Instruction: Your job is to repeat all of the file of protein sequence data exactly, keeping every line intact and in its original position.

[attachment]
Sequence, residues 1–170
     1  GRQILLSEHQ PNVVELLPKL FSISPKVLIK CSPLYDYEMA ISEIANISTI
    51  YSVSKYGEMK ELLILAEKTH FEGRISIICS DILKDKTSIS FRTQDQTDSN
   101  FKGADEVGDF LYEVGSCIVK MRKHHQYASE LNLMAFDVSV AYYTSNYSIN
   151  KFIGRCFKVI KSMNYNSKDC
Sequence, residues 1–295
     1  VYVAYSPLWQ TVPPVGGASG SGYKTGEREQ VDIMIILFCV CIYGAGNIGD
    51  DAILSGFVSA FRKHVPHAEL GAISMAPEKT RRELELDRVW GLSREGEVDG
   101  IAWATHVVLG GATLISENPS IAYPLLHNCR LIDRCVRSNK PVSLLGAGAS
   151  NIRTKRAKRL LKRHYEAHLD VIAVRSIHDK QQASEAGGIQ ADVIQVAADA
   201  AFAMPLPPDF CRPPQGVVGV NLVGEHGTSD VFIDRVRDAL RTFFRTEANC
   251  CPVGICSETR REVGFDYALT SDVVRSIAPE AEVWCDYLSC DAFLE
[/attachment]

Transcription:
Sequence, residues 1–170
     1  GRQILLSEHQ PNVVELLPKL FSISPKVLIK CSPLYDYEMA ISEIANISTI
    51  YSVSKYGEMK ELLILAEKTH FEGRISIICS DILKDKTSIS FRTQDQTDSN
   101  FKGADEVGDF LYEVGSCIVK MRKHHQYASE LNLMAFDVSV AYYTSNYSIN
   151  KFIGRCFKVI KSMNYNSKDC
Sequence, residues 1–295
     1  VYVAYSPLWQ TVPPVGGASG SGYKTGEREQ VDIMIILFCV CIYGAGNIGD
    51  DAILSGFVSA FRKHVPHAEL GAISMAPEKT RRELELDRVW GLSREGEVDG
   101  IAWATHVVLG GATLISENPS IAYPLLHNCR LIDRCVRSNK PVSLLGAGAS
   151  NIRTKRAKRL LKRHYEAHLD VIAVRSIHDK QQASEAGGIQ ADVIQVAADA
   201  AFAMPLPPDF CRPPQGVVGV NLVGEHGTSD VFIDRVRDAL RTFFRTEANC
   251  CPVGICSETR REVGFDYALT SDVVRSIAPE AEVWCDYLSC DAFLE